Since moving to a tropical island, now surrounded by water by far, far fewer than 1,000 miles, I have gained a whole new sense of just how pernicious salt water can be on your things. But it took me awhile to realize just how all-consuming the salt in the air can be. I don’t live on the beach, mind you. I can see the sea, yes, but I live far enough away that I would never choose to walk down there. Having some distance between me and the salty ocean, it simply never occurred to me that I would need to take special precautions because of this new environment. But the salt air has since made its point.
Take my stainless steel table, for example. I had it for several years in Canada (in a basement of all places), and it was fine. Now it’s covered with freckles. When I brought it down here to Nevis, I think it started rusting the day I unpacked it. It hadn’t even occurred to me that rust would be an issue. I thought the fact that it was “stainless steel” meant that rust stains just wouldn’t happen. Far too late, I was told that the term should more accurately be spelled “STAINS LESS”, with the emphasis on the space between those two words. I was also told that the word “stainless” is carelessly applied to many different products, apparently legally, and if you actually want to have something steel last when you live by the sea, you have to buy “MARINE-GRADE stainless steel”. Guess what you can’t buy in the middle of Canada, especially if you don’t know enough to ask for it?
We also brought down a Weber grill. Its big fancy hood is still shiny as can be, but the rest of it – no way. Even the front face, where the knobs are, is covered in rust. Why would anybody put different grades of stainless steel on the same unit? If the hood needs the best quality, why wouldn’t the rest of it need that too? Perhaps the warranties are written in the hopes that people won’t read them, or don’t keep the paperwork, or are too lazy to follow up, or maybe their writers also live far from the salt air.
Appliances are another issue. I don’t think I ever had a rusty appliance before I came to this island, nor do I recall doing anything in particular to actively prevent my appliances from rusting. Here, it’s a different story – one cannot avoid doing battle. The house we bought came “furnished”, as in the owners left pretty much everything in it. That included lots of rusty items of all sorts, and I immediately assumed that rust is just something you put up with here. It turns out, that’s not true. People who’ve been here for years have lots of advice, some of which even works. For example, many people spray WD40 on all their metal, every month, and then wipe it off. Some say they wax appliances with auto wax, starting when they are new and pristine, and they don’t ever get scruffy and rusty. Who knew? I’ve learned that the best way to choose a solution on a rock is to find somebody who has had the exact item you need for years, without problems, and follow that person’s advice.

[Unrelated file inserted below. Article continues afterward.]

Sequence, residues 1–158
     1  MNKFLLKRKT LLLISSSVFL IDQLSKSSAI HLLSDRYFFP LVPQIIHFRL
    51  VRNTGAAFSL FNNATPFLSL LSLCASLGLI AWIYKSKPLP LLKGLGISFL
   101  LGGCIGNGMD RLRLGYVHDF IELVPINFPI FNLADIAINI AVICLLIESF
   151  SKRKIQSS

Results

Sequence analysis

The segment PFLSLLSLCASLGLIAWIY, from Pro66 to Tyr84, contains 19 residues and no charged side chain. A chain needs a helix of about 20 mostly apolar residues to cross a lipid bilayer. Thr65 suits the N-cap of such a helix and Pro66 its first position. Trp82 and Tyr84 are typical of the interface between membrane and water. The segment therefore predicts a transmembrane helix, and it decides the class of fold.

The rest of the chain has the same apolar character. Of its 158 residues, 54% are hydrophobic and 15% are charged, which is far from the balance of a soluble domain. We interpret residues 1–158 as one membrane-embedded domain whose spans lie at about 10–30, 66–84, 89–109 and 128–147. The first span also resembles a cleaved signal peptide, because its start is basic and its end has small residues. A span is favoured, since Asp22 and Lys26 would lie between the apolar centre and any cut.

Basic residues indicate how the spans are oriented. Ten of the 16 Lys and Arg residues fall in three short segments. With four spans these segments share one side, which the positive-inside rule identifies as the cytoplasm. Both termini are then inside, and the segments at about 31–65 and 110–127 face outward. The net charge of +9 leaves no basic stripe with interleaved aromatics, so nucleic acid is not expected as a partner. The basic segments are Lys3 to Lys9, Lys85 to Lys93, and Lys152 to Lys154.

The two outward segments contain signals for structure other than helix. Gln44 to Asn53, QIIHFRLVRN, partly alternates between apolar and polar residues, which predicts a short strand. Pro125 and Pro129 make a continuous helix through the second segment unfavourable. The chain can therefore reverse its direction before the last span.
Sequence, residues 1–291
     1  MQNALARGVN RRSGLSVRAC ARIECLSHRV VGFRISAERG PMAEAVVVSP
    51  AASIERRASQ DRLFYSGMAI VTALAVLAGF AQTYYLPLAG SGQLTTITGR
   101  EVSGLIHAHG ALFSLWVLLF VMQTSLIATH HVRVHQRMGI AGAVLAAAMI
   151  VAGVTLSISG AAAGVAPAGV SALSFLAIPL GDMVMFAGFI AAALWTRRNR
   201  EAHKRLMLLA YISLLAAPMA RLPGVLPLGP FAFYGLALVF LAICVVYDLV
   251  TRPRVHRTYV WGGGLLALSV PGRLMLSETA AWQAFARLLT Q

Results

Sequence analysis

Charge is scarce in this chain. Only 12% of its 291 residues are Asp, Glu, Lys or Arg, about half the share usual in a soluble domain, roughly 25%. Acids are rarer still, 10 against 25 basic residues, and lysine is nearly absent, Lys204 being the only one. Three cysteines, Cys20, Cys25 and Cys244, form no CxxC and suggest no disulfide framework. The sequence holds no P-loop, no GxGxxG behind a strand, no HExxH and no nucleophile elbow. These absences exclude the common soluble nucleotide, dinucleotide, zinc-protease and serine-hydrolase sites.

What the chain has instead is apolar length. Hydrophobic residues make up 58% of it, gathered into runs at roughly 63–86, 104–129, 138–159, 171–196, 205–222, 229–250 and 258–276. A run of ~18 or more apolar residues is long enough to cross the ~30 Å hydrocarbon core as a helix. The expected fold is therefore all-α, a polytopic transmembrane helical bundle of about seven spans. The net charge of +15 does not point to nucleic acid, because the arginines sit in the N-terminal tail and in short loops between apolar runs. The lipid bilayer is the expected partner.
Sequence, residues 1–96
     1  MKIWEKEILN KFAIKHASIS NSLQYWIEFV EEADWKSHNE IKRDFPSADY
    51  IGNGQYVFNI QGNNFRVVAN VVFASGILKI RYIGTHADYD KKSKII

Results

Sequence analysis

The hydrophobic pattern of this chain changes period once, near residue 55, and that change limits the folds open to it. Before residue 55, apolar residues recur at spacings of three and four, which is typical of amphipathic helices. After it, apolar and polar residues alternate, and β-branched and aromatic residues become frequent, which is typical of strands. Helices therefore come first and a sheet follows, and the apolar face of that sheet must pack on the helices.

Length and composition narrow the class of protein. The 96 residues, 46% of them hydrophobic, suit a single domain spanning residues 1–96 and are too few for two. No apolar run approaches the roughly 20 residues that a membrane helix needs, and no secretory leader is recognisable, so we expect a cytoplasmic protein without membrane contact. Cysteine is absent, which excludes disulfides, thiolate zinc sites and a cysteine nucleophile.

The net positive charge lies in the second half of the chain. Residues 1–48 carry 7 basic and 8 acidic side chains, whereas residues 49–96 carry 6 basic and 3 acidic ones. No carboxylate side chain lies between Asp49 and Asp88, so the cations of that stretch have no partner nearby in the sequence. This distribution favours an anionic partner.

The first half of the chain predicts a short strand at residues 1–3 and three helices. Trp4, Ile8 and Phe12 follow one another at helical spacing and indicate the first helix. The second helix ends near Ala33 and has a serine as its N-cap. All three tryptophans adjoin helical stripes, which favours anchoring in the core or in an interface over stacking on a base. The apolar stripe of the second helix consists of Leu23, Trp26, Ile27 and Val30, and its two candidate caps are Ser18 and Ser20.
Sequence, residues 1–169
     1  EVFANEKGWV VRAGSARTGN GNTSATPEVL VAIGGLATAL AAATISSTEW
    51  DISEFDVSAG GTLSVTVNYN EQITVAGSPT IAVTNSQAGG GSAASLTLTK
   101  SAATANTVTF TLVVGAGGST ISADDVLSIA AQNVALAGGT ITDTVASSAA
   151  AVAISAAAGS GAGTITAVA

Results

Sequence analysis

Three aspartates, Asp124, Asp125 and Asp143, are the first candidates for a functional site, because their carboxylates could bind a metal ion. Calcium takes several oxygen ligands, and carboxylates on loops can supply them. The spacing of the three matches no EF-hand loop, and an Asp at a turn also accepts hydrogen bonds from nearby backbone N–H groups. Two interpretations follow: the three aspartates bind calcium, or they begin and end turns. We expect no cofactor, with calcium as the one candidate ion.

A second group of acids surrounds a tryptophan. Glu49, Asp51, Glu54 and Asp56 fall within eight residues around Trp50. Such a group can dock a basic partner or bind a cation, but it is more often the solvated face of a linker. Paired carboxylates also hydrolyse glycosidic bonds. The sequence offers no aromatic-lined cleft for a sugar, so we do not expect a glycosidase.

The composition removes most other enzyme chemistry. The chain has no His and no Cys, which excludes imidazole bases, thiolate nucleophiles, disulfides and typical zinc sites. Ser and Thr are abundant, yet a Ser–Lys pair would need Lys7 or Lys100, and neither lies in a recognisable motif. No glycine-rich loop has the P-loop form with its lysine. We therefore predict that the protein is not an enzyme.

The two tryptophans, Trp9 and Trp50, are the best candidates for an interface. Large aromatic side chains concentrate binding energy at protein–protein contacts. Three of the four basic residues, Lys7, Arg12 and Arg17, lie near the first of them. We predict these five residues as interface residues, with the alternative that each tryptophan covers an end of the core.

Of course another solution could be to disguise your rust spots with lots of strategically placed fridge magnets. You could even find an artist who could incorporate the rust spots in a brand new design. Better yet, you could cultivate an inability to see rust, or even acknowledge it. Repeat after me: “That’s clean, it won’t poison me, it’s fine.” (I’m working on it…)
Having had more than enough problems with metal items since I arrived rock-side, I had a new thought – “Plastic must be the way to go.” After all, we’ve been told for decades that plastic lasts for 100+ years in landfills, so surely it should last on a shelf on a porch, out of the sun. You have to admit that a gallon ice cream pail is made of pretty study plastic – clearly, they made every attempt to make it rough and tumble, with no regard for overflowing landfills. So I gave it shot and stored some chemicals in an ice cream bucket. The chemicals were not in contact with the bucket, they were in their own separate bottles, but three years later, the bucket has several splits from its rim almost down to its base. So much for that solution. People who are trying to deal with the ridiculous amounts of plastic in landfills should study the seaside environment – maybe it would provide a clue.
More than forty years ago, I needed an extra light, and there was no store where I could buy such a thing, or even a place to buy lamp shades. So instead, I bought beer sieves – conical baskets about two feet long and eight inches across at the wide end. Africans put them pointy end down in barrels of beer swimming with taka taka (solid particles you’d rather not drink). The beer seeps into the inside of the cone, where it is nice and clear and ready to be scooped out with a gourd. The sieves became lamp shades by the simple expedient of removing some of the basket fibers to let the light shine through. I kinked each basket to make a more pleasing shape, wired them through an old papaw stock because it’s hollow, and presto: I had a chandelier.